Today, my son taught me an important lesson on value and how we place it.
My son is a really special little guy. He has Pervasive Development Disorder – Not Otherwise Specified on the Autism Spectrum. So, a lot of little things that would be be considered typical in other children are really significant for him. I can’t tell you how many times I’ve heard a parent tell their four year old to shut up because the chatter became overbearingly annoying. I always feel that twinge of sadness, fearing that my son may never speak enough for me to become aggravated at all. Those moments are significant for me, too.
But, then there are those moments that are significant in an enlightening way.
I was sitting at the dining room table this morning with my wallet and what we call “The petty cash box”. I was mindlessly dumping change into it when my son approached me. When he speaks, I listen with all of my might to make out what he is saying. It might be the only thing I ever put my full attention into. He said, “Mommy, money!” I was thrilled that he took an interest in what I was doing, and I allowed him to put the money in the box while supervised.
He happily put the money in, and presented me with a quarter saying, “Mommy, want quarter?” I was delighted that he could identify it. Suddenly, he grabbed the box and started to walk away. I was about to chase him down just when he put it on the end table. He turned to me excitedly and shouted, “Look, Mommy! Treasure!”
He started to prattle on about being a pirate when my heart just melted. It was a brilliant observation. The little box kind of resembled a treasure chest, brimming with different colored coins. And that’s when it hit me. It wasn’t just about the likeness. It was about the whole interaction. And the whole thing had taken on an entirely different value.
I started to think about the things that I value. What do I cherish?
The realization hit me. Lately, I’ve been dwelling on the things that I want, but don’t have. My focus had been shifted onto the seemingly hopeless pursuit of these things. And I realized that those things are intangible idealizations that may never even have the possibility of becoming a reality. Those things had gained all of the value over the things I truly cherished and clouded my mind.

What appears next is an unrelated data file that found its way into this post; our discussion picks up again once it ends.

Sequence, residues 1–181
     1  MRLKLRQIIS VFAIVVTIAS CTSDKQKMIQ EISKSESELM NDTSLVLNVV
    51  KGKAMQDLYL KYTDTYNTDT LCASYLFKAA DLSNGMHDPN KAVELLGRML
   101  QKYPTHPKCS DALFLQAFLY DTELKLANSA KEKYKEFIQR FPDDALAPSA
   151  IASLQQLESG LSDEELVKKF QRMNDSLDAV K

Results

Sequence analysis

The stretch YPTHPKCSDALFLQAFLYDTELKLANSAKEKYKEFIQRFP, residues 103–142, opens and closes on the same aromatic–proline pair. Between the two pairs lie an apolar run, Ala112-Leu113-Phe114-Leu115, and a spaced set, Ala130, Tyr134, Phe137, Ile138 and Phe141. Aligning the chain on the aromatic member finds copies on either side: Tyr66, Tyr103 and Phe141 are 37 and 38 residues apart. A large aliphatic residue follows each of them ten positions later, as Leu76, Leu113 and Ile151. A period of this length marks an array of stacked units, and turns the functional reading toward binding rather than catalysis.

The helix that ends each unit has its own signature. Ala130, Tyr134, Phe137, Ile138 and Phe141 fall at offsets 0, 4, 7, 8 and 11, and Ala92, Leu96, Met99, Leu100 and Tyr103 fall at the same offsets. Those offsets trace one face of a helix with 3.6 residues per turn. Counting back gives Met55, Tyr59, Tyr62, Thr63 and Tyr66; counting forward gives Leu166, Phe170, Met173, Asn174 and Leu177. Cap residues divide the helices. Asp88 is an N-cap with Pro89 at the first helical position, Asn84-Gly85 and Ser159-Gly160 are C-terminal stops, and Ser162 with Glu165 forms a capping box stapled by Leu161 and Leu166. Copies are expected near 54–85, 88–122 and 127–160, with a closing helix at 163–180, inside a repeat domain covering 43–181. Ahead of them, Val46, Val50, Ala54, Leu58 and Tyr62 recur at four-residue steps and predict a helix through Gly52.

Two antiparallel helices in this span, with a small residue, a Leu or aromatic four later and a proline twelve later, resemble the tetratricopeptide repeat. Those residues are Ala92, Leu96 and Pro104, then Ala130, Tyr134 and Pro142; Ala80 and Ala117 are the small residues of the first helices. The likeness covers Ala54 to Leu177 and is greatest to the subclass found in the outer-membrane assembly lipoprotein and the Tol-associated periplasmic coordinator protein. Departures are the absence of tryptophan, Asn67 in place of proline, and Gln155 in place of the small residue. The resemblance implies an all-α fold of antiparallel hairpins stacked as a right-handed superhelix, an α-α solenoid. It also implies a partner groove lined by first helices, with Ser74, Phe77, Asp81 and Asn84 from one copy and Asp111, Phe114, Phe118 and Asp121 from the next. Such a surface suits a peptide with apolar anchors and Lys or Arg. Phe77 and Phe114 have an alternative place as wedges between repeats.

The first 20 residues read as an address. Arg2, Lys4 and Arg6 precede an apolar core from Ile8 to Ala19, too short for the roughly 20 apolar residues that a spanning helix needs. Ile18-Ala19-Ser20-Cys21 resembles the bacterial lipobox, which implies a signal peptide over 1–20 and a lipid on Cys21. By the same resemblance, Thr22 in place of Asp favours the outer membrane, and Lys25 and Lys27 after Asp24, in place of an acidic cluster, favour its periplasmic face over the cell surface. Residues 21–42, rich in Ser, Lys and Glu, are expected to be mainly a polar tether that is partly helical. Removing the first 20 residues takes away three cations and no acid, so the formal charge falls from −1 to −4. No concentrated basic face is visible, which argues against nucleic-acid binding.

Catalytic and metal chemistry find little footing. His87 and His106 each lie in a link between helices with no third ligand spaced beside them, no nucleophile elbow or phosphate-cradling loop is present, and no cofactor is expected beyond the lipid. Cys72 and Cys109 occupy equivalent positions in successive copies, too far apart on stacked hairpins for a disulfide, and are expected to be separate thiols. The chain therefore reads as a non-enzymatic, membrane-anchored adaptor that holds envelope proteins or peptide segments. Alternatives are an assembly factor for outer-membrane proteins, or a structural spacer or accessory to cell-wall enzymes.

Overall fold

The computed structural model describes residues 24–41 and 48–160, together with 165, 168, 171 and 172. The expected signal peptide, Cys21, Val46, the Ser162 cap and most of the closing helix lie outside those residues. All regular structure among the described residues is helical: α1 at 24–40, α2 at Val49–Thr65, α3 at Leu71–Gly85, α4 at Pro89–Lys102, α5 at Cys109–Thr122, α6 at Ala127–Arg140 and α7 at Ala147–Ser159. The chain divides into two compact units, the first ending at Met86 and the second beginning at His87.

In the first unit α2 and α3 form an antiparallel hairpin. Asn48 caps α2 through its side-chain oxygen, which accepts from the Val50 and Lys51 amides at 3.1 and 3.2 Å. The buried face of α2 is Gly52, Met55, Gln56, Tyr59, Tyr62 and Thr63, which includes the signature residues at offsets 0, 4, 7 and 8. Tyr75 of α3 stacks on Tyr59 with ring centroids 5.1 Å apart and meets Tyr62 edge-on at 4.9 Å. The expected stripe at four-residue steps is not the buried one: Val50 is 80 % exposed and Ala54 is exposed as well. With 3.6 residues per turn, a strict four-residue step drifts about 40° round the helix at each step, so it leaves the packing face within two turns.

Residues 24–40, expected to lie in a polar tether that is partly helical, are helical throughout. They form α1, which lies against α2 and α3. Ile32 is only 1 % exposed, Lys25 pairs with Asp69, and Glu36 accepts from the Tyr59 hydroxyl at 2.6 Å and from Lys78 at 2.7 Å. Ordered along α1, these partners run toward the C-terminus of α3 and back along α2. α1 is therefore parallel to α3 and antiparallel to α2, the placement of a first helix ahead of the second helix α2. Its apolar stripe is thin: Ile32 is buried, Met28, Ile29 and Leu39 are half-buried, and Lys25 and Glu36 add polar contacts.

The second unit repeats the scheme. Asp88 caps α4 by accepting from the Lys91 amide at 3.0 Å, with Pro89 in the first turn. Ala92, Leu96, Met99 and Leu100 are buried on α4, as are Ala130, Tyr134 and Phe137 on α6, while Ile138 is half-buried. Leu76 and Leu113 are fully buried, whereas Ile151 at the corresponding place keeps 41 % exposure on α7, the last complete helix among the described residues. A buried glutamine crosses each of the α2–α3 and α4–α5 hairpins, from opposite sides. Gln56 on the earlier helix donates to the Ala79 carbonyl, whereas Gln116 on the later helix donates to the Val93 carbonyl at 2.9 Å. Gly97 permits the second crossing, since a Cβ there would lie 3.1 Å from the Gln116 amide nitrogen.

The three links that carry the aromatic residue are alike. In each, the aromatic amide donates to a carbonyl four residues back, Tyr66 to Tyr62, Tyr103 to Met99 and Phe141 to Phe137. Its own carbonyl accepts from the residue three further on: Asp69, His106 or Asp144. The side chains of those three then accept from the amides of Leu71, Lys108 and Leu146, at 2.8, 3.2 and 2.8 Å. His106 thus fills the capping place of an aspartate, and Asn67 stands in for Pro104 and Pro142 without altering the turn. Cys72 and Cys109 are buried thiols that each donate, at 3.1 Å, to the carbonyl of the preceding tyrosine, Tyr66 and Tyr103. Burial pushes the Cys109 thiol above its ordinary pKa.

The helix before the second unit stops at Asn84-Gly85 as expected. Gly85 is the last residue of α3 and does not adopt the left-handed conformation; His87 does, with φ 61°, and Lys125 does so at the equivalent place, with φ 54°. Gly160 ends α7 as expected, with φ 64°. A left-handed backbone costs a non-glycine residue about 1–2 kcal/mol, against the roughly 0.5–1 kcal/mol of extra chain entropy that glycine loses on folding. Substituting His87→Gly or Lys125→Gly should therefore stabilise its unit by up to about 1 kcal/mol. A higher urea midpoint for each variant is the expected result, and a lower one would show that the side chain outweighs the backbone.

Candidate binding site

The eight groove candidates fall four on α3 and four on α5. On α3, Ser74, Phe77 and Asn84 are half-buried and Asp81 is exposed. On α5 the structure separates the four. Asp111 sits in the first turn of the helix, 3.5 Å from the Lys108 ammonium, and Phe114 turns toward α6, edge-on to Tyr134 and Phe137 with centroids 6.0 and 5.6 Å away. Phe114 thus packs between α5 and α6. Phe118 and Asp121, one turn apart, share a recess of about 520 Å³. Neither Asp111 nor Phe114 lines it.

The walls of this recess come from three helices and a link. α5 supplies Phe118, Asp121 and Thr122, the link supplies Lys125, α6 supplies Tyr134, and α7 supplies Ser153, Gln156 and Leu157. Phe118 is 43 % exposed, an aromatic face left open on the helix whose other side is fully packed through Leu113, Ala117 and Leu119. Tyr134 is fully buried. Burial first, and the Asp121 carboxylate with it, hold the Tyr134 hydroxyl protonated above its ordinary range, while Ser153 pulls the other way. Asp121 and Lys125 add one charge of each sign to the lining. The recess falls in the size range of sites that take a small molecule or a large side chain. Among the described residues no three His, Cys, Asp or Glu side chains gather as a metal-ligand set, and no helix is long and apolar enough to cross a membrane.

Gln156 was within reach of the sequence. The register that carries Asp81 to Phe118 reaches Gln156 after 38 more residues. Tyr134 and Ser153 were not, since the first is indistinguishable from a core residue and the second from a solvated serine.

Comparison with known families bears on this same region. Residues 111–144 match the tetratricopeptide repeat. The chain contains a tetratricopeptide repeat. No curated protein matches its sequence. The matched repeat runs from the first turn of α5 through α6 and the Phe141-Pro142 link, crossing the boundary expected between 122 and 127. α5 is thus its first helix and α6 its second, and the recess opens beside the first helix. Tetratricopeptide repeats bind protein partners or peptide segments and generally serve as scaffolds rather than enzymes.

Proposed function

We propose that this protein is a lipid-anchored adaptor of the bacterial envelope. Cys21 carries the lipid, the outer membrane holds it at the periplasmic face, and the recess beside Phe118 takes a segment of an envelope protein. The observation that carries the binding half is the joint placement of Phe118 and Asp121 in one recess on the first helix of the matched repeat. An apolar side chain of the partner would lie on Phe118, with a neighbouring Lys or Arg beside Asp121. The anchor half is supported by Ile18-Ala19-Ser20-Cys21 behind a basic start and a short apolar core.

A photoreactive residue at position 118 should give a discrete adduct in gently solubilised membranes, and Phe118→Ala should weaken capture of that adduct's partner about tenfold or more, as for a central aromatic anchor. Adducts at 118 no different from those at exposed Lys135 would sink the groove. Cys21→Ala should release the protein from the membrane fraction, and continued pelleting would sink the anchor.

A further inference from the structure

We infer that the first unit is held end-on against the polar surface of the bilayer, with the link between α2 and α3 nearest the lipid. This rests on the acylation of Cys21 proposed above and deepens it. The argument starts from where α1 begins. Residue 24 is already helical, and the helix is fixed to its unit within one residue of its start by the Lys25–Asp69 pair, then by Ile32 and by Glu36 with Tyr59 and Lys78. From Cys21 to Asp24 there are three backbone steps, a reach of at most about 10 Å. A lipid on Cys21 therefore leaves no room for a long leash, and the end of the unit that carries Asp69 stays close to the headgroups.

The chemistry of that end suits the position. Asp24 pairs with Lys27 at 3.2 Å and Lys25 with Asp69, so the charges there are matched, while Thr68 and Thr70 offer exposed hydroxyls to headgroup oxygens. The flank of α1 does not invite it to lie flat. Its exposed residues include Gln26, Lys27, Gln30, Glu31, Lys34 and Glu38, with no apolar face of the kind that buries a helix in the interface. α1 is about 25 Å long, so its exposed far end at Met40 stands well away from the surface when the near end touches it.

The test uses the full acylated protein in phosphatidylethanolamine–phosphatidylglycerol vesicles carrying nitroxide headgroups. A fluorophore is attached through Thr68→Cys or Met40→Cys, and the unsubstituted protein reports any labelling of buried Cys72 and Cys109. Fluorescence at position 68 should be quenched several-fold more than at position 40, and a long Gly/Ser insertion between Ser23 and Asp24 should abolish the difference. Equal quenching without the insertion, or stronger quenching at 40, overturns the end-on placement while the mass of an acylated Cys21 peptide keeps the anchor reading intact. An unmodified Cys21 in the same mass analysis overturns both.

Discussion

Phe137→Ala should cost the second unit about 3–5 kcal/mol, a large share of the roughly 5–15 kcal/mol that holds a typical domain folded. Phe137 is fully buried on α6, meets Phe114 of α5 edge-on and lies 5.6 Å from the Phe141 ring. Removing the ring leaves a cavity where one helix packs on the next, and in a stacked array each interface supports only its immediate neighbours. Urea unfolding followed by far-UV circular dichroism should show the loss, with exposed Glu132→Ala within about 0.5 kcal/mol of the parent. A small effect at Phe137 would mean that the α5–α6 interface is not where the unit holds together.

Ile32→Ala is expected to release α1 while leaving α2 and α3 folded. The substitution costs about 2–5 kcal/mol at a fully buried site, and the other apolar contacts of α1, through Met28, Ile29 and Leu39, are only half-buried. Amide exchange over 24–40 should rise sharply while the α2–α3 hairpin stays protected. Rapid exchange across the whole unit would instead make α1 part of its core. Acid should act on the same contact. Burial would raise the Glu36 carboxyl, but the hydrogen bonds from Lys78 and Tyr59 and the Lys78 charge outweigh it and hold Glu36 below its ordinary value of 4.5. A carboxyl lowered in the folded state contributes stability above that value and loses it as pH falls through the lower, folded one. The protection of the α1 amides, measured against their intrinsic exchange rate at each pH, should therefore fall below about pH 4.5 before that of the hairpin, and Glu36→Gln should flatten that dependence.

What do I value then?
Little, daily victories for my son. A few engaged words here and snippets of hopeful conversation there. His new discoveries and interests. And each beautiful little smile and giggle. All of those shining moments that give me hope for his development through Autism Spectrum Disorder.
But even more for him, I value him. Him, as he is. My 4 foot tall, 55lb, brown haired, green eyed little Beast.
I value my husband’s caresses. This morning, he unexpectedly turned over and actually spooned me. It was more than welcome. It was soothing, comforting, and all spontaneous. It was one of those rare, intuitive moments he had. I cherish those.
But, I value even more than those fleeting moments. It is bigger than that. I see what I have missed all along. Every action is an intuitive, invested action. Whether I know it or not, he’s taking care of my needs that I don’t even think about anymore. I was overlooking what was right there in front of me because I was too involved with what I considered to be neglected needs.
Finally, my eyes started to open up.
When I really thought about it, I found value in myself today. I have been so fixated on what I am not, and the things I thought I had lost, I lost sight of who I am and all of the things I have gained. I am a mother. I am a wife. I have been those things for longer than I have been anything else. I am those things above all else. And I don’t know how I came to value anything else.
I lack certain qualities, but that does not make me devoid of myself. There is plenty of me. I am not stable, but I am spirited. I am not entirely well right now, but I cannot expect to be well all of the time. I have Bipolar Disorder. I am not Bipolar. I am more than my illness and more than my symptoms.
Today, I connected with my husband without trying or wanting. I connected with a son I thought I was losing to Autism Spectrum Disorder. But more so, he connected with me. He reached out and connected me with the world again. And that was what made all of the difference.